422       | "305"  ; <xref target="status.305"/>: Use Proxy
423       | "307"  ; <xref target="status.307"/>: Temporary Redirect
424       | "400"  ; <xref target="status.400"/>: Bad Request
425       | "401"  ; <xref target="status.401"/>: Unauthorized
426       | "402"  ; <xref target="status.402"/>: Payment Required
427       | "403"  ; <xref target="status.403"/>: Forbidden
428       | "404"  ; <xref target="status.404"/>: Not Found
429       | "405"  ; <xref target="status.405"/>: Method Not Allowed
430       | "406"  ; <xref target="status.406"/>: Not Acceptable
431       | "407"  ; <xref target="status.407"/>: Proxy Authentication Required
432       | "408"  ; <xref target="status.408"/>: Request Time-out
433       | "409"  ; <xref target="status.409"/>: Conflict
434       | "410"  ; <xref target="status.410"/>: Gone
435       | "411"  ; <xref target="status.411"/>: Length Required
436       | "412"  ; <xref target="status.412"/>: Precondition Failed
437       | "413"  ; <xref target="status.413"/>: Request Entity Too Large
438       | "414"  ; <xref target="status.414"/>: Request-URI Too Large
439       | "415"  ; <xref target="status.415"/>: Unsupported Media Type
440       | "416"  ; <xref target="status.416"/>: Requested range not satisfiable
441       | "417"  ; <xref target="status.417"/>: Expectation Failed
442       | "500"  ; <xref target="status.500"/>: Internal Server Error
443       | "501"  ; <xref target="status.501"/>: Not Implemented
444       | "502"  ; <xref target="status.502"/>: Bad Gateway
445       | "503"  ; <xref target="status.503"/>: Service Unavailable
446       | "504"  ; <xref target="status.504"/>: Gateway Time-out
447       | "505"  ; <xref target="status.505"/>: HTTP Version not supported
448       | extension-code
449
450   extension-code = 3DIGIT
451   Reason-Phrase  = *&lt;TEXT, excluding CR, LF&gt;
452</artwork></figure>
453<t>
454   HTTP status codes are extensible. HTTP applications are not required
455   to understand the meaning of all registered status codes, though such
456   understanding is obviously desirable. However, applications &MUST;
457   understand the class of any status code, as indicated by the first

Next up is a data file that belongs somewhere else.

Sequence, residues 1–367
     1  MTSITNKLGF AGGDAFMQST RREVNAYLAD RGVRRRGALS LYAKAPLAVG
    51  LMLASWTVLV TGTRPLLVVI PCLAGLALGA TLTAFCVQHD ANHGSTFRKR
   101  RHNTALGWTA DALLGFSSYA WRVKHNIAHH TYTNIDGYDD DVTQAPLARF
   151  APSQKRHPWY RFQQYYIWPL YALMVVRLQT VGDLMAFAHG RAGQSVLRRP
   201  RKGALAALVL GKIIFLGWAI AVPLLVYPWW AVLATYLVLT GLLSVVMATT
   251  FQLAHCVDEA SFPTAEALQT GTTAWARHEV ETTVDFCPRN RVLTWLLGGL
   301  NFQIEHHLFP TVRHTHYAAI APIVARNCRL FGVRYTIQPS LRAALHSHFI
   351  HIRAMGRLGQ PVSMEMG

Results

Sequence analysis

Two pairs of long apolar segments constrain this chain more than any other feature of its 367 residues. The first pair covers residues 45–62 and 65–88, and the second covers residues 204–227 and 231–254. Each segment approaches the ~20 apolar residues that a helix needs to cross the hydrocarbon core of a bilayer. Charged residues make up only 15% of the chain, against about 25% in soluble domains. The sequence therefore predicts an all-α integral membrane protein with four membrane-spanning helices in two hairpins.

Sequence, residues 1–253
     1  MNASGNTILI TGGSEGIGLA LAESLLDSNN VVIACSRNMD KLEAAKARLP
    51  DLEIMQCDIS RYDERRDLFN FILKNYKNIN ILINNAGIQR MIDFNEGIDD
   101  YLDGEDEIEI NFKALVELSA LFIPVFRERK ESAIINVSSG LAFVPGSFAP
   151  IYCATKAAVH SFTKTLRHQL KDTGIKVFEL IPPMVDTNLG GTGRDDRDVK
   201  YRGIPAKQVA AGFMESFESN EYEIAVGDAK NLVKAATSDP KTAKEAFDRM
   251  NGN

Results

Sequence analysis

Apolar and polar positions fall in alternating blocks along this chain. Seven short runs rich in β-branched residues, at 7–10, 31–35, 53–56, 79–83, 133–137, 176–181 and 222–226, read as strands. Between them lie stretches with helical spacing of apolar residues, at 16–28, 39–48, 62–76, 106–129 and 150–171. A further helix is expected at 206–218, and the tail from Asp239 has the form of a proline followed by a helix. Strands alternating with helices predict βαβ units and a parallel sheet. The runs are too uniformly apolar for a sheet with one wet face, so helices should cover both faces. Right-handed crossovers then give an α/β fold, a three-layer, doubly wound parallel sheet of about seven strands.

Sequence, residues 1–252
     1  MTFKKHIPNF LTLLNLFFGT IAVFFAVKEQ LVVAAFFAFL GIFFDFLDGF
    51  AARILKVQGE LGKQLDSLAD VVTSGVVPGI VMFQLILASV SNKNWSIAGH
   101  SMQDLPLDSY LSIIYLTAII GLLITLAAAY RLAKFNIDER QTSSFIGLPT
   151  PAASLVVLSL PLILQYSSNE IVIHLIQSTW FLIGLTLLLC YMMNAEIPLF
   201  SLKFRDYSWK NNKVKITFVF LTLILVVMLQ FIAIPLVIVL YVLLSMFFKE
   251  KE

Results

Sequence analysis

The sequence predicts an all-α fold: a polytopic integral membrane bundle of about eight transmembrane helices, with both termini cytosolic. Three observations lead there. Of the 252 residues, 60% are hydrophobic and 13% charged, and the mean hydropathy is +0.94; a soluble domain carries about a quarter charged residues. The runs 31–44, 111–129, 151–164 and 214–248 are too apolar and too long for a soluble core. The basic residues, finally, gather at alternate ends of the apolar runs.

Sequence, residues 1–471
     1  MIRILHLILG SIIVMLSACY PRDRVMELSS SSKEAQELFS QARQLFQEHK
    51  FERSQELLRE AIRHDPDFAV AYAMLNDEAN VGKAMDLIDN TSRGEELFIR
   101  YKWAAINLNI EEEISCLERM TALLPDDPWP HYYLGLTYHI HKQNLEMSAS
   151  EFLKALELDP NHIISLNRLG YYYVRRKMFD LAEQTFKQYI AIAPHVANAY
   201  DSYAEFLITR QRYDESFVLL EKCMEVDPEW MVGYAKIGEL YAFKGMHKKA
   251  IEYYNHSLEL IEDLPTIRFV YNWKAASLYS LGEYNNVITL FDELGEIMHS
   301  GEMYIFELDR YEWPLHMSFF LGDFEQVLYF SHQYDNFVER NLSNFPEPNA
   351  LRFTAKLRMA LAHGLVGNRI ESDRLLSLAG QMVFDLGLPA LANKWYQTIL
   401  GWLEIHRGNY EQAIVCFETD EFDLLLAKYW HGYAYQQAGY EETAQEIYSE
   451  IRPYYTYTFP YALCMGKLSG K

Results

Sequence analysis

458   digit, and treat any unrecognized response as being equivalent to the
459   x00 status code of that class, with the exception that an
460   unrecognized response &MUST-NOT; be cached. For example, if an
461   unrecognized status code of 431 is received by the client, it can
462   safely assume that there was something wrong with its request and
463   treat the response as if it had received a 400 status code. In such
464   cases, user agents &SHOULD; present to the user the entity returned
465   with the response, since that entity is likely to include human-readable
466   information which will explain the unusual status.
467</t>
468</section>
469
470<section title="Response Header Fields" anchor="response.header.fields">
471<t>
472   The response-header fields allow the server to pass additional
473   information about the response which cannot be placed in the Status-Line.
474   These header fields give information about the server and about
475   further access to the resource identified by the Request-URI.
476</t>
477<figure><artwork type="abnf2616"><iref primary="true" item="Grammar" subitem="response-header"/>
478    response-header = Accept-Ranges           ; &header-accept-ranges;
479                    | Age                     ; &header-age;
480                    | ETag                    ; &header-etag;
481                    | Location                ; <xref target="header.location"/>
482                    | Proxy-Authenticate      ; &header-proxy-authenticate;
483                    | Retry-After             ; <xref target="header.retry-after"/>
484                    | Server                  ; <xref target="header.server"/>
485                    | Vary                    ; &header-vary;
486                    | WWW-Authenticate        ; &header-www-authenticate;
487</artwork></figure>
488<t>
489   Response-header field names can be extended reliably only in
490   combination with a change in the protocol version. However, new or
491   experimental header fields &MAY; be given the semantics of response-header
492   fields if all parties in the communication recognize them to
493   be response-header fields. Unrecognized header fields are treated as
494   entity-header fields.
495</t>
496</section>
497
498<section title="Entity" anchor="entity">
499<t>
500   Request and Response messages &MAY; transfer an entity if not otherwise
501   restricted by the request method or response status code. An entity
502   consists of entity-header fields and an entity-body, although some
503   responses will only include the entity-headers. HTTP entity-body and
504   entity-header fields are defined in &payload;.
505</t>
506<t>
507   An entity-body is only present in a message when a message-body is
508   present, as described in &message-body;. The entity-body is obtained
509   from the message-body by decoding any Transfer-Encoding that might
510   have been applied to ensure safe and proper transfer of the message.
511</t>
512</section>
513
514
515<section title="Method Definitions" anchor="method.definitions">
516<t>
517   The set of common methods for HTTP/1.1 is defined below. Although
518   this set can be expanded, additional methods cannot be assumed to
519   share the same semantics for separately extended clients and servers.
520
521   The Host request-header field (&header-host;) &MUST; accompany all
522   HTTP/1.1 requests.
523</t>
524
525<section title="Safe and Idempotent Methods" anchor="safe.and.idempotent">
526
527<section title="Safe Methods" anchor="safe.methods">
528<t>
529   Implementors should be aware that the software represents the user in
530   their interactions over the Internet, and should be careful to allow
531   the user to be aware of any actions they might take which may have an